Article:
Based on the size of the footprints, researchers believe that at least some were made by children and teenagers who lived during the last ice age.
David Bustos, the park’s resource program manager, spotted the first footprints in ancient wetlands in 2009. He and others found more in the park over the years.
“We knew they were old, but we had no way to date the prints before we discovered some with (seeds) on top,” he said Thursday.
Made of fine silt and clay, the footprints are fragile, so the researchers had to work quickly to gather samples, Bustos said.
“The only way we can save them is to record them — to take a lot of photos and make 3D models,” he said.
Earlier excavations in White Sands National Park have uncovered fossilized tracks left by a saber-toothed cat, dire wolf, Columbian mammoth and other ice age animals.
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Tampa, Florida (WFLA) — SpaceX made history on Wednesday night when it launched the world’s first all-civil mission to get going from the Space Coast, Florida.
The Inspiration4 mission took off from Launch Complex 39A at NASA’s Kennedy Space Center around 8:03 pm on Wednesday. The four crew members on the SpaceX Dragon spacecraft were launched onto a reusable Falcon 9 rocket and later separated from the spacecraft and landed on the drone.
The mission’s five-hour launch window began at 8:02 EST. The window was very large, as the crew was sent to orbit the Earth rather than the International Space Station, and therefore did not have such strict time constraints.
The crew is set to travel 350 miles above the surface of the Earth, about 100 miles higher than the International Space Station.
“This is important and historic, because it’s the best time humans have been in orbit since the Hubble Space Telescope mission,” said Benjireed, SpaceX’s manned spaceflight director.
The crew will spend three days in orbit to participate in research experiments on human health and performance. We hope that the results of our research will apply not only to future space flight, but also to human health here on Earth.
Inspiration4’s main goal is to provide and inspire support for St. Jude Children’s Research Hospital. They want to raise $ 200 million for St. Jude in a three-day mission.
According to SpaceX, each of the four members of the crew was chosen to represent the pillars of a mission of prosperity, generosity, hope and leadership. The Inspiration 4 crew and the pillars they represent are:
SpaceX trained all four crew members as commercial astronauts on Falcon 9 and Dragon spacecraft. The crew was trained in orbital mechanics, microgravity, weightlessness, other stress tests, emergency preparedness, and spacesuit training.
The mission was funded by Isaacman in a private transaction with SpaceX. Isaacman has also invested $ 100 million towards a funding target for the St. Jude mission.
Inspiration4 Lift Off: SpaceX Launches World’s First All-Citizen Mission in Earth’s Orbit
Source link Inspiration4 Lift Off: SpaceX Launches World’s First All-Citizen Mission in Earth’s Orbit
Researchers have created a winged microchip around the size of a sand grain that may be the smallest flying device yet made, Vice has reported. They’re designed to be carried around by the wind and could be used in numerous applications including disease and air pollution tracking, according to a paper published by Nature. At the same time, they could be made from biodegradable materials to prevent environmental contamination.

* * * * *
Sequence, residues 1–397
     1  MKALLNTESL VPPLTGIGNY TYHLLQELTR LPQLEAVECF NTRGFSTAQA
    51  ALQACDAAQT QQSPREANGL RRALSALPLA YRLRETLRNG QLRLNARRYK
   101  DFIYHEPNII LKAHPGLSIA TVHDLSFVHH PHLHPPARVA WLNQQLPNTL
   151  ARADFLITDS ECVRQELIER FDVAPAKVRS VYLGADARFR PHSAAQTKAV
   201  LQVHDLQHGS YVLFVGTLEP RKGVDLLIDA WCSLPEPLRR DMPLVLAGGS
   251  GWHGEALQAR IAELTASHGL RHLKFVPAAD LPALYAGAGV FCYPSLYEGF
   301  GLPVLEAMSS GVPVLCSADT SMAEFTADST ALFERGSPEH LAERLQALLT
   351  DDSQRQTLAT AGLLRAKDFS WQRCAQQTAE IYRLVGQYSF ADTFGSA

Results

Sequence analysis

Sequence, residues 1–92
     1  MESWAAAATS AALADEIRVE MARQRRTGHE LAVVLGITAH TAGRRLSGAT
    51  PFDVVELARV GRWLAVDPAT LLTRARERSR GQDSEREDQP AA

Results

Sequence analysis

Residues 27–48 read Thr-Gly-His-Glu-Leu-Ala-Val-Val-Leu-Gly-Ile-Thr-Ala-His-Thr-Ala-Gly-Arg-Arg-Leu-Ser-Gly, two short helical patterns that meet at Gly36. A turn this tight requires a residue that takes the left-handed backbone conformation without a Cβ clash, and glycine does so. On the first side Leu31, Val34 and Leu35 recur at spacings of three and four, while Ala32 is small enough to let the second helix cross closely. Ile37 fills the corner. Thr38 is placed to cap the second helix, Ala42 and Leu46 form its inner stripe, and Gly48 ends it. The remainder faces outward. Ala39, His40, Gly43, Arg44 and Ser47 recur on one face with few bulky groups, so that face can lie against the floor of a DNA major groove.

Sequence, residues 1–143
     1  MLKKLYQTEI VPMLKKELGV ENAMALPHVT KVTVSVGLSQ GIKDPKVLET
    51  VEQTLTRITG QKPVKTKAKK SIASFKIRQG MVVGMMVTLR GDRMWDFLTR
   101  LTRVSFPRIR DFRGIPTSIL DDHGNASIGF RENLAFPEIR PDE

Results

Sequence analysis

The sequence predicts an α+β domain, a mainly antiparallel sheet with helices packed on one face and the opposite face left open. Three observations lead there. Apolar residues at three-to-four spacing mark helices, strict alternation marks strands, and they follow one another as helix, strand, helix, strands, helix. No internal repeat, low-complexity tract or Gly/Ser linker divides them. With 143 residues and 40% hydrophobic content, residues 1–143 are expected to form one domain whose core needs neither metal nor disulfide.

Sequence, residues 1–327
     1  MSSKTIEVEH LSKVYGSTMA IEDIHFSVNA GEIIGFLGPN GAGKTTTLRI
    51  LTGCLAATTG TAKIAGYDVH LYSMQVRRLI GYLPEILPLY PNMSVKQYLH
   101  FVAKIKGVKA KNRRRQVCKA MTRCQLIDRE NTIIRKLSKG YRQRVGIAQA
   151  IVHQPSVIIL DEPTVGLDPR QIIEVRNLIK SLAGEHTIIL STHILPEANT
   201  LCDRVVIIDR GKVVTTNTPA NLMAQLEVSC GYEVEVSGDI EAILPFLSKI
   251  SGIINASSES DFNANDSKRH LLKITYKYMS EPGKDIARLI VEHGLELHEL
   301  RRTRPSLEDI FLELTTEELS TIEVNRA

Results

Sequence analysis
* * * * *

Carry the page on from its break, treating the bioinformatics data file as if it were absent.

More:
The design of the flyers was inspired by spinning seeds from cottonwood and other trees. Those fall slowly by spinning like helicopters so they can be picked up by the wind and spread a long distance from the tree, increasing the range of the species.
The team from Northwest University ran with that idea but made it better, and smaller. “We think we’ve beaten biology… we’ve been able to build structures that fall in a more stable trajectory at slower terminal velocities than equivalent seeds,” said lead Professor John A. Rogers. “The other thing… was that we were able to make these helicopter flyer structures that are much smaller than seeds you would see in the natural world.”
They’re not so small that the aerodynamics starts to break down, though. “All of the advantages of the helicopter design begin to disappear below a certain length scale, so we pushed it all the way, as far as you can go or as physics would allow,” Rogers told Vice. “Below that size scale, everything looks and falls like a sphere.”
The devices are also large enough to carry electronics, sensors and power sources. The team tested multiple versions that could carry payloads like antenna so that they could wireless communicate with a smartphone or each other. Other sensors could monitor things like air acidity, water quality and solar radiation.
The flyers are still concepts right now and not ready to deploy into the atmosphere, but the team plans to expand their findings with different designs. Key to that is the use of biodegradable materials so they wouldn’t persist in the environment.
“We don’t think about these devices… as a permanent monitoring componentry but rather temporary ones that are addressing a particular need that’s of finite time duration,” Rogers said. “That’s the way that we’re envisioning things currently: you monitor for a month and then the devices die out, dissolve, and disappear, and maybe you have to redeploy them.”